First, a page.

LANDOWSKA: UNCOMMON VISIONARY
Produced and Directed by Barbara Attie; Co-produced by Janet Goldwater; Co-directed by Diane Pontius; Edited by Kathleen Soulliere; Music and story adviser: Lesley Valdes; Camera: Peter Brownscombe; Sound Recordist: Emanuel Bastien. (1997, TRT: One hour)
" . . . an extraordinary documentary that has long been overdue. It is devoted to one of the most influential and creative artists of this century—harpsichordist Wanda Landowska. Watching this film is at once a
stimulating and inspiring experience."
—John Ardoin, The Dallas Morning News, Feb. 2, 1998
" . . . everyone interested in the harpsichord, in early music, and in great performing personalities will want to see it."
—Richard Dyer, The Boston Globe, Jan. 23, 1998
One of this century's pioneering female artists, who enchanted Leo Tolstoy and astonished audiences, Wanda Landowska (1879-1959) became internationally celebrated through a combination of passion and ferocious perseverance. Defying convention in both her music and her life, Landowska altered the course of music history with her resurrection of the harpsichord and the music of the 17th and 18th centuries.
LANDOWSKA, UNCOMMON VISIONARY, a one-hour documentary, spans the arc of her life, from mischievous girl in Poland with "a mad desire to be famous," to rebellious student in Berlin involved in a scandalous love affair, to "old Jewess crazy about music." Landowska's dramatic life-story is played out amidst the upheavals of 20th century history. Forced to flee Nazi-occupied France, she arrived in New York with her long-time companion, Denise Restout, the day Pearl Harbor was bombed. At the age of 62, Landowska rebuilt her life and career in the United States, performing to wildly enthusiastic audiences and completing monumental recording projects.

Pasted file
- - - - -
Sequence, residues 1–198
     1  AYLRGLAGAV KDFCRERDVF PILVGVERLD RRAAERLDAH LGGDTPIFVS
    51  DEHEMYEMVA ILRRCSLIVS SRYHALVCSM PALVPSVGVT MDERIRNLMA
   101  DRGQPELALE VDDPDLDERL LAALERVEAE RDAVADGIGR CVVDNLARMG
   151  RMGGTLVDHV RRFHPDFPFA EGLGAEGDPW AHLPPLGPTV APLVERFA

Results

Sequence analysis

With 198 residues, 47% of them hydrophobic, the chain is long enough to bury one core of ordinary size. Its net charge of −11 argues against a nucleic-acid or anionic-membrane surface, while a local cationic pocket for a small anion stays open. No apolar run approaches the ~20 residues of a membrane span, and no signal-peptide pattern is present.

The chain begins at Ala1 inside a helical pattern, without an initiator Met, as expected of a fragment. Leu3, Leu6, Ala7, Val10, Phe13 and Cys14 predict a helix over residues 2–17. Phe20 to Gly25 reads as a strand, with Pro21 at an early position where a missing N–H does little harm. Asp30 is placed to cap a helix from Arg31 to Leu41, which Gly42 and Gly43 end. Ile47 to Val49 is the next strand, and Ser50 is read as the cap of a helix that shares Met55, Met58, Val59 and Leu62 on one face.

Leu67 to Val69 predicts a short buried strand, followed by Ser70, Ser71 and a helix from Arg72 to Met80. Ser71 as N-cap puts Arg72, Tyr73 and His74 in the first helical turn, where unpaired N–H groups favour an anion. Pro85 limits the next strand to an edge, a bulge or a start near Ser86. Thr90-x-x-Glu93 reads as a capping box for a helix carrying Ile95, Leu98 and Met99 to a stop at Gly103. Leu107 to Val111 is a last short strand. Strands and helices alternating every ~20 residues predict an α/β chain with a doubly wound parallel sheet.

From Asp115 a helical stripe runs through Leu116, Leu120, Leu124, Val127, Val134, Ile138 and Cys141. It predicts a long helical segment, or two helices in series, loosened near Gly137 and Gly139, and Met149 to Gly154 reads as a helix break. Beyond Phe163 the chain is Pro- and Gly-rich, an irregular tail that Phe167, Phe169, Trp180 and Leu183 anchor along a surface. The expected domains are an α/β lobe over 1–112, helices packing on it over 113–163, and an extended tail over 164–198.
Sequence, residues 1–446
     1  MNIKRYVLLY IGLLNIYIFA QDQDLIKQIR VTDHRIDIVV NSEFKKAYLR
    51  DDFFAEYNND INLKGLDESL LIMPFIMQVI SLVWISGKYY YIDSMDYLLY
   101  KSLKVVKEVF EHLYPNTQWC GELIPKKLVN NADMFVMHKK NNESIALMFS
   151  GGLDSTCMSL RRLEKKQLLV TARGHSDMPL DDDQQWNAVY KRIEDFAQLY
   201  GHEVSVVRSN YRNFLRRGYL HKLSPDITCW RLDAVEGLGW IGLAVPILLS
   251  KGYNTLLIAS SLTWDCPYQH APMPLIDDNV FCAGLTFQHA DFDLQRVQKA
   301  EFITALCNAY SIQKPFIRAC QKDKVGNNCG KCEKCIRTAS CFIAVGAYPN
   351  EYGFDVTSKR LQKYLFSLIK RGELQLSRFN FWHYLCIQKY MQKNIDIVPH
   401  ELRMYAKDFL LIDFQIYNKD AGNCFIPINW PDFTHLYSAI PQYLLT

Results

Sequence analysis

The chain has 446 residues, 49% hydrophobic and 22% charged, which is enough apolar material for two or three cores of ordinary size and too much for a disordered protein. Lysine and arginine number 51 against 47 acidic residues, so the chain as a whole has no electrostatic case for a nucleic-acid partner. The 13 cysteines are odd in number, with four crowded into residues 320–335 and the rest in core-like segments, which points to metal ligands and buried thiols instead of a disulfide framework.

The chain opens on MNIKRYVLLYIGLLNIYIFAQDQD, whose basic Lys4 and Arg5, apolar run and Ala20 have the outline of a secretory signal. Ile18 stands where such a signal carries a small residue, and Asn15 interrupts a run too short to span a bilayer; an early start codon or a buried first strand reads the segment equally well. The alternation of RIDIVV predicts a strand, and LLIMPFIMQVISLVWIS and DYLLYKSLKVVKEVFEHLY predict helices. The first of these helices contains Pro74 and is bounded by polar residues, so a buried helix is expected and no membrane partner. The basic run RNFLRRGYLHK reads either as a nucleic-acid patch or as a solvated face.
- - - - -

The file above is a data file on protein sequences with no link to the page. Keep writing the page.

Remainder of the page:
Called "informative and entertaining" by Anthony Tommasini in The New York Times, the documentary resonates with Landowska's music—vintage and re-mastered recordings of Bach, Scarlatti, Couperin, and others. We see and hear Landowska giving aggressive, dazzling performances of the music she adored, demonstrating why no one ever listened to a harpsichord in quite the same way after hearing her play.
Appearing in the program are Denise Restout, Doda Conrad, Jack Pfeiffer, William F. Buckley Jr., Alice Cash, Larry Palmer, Laurence Libin, Willard Martin, Skip Sempe, Orlando Cole and Madeleine Mangin.
"...if you are ready to fall in love with a protofeminist who died at 80 in 1959, then spend the hour with your TV or set your VCR. This program is a keeper."
—Elizabeth Zimmer, The Philadelphia Inquirer, July 14, 1999
"Maybe a time will come again when artists of such integrity and verve move generations in the way Landowska did. In the meantime, this documentary reminds us that it's possible."
—Haskins, American Record Guide, May/June 1998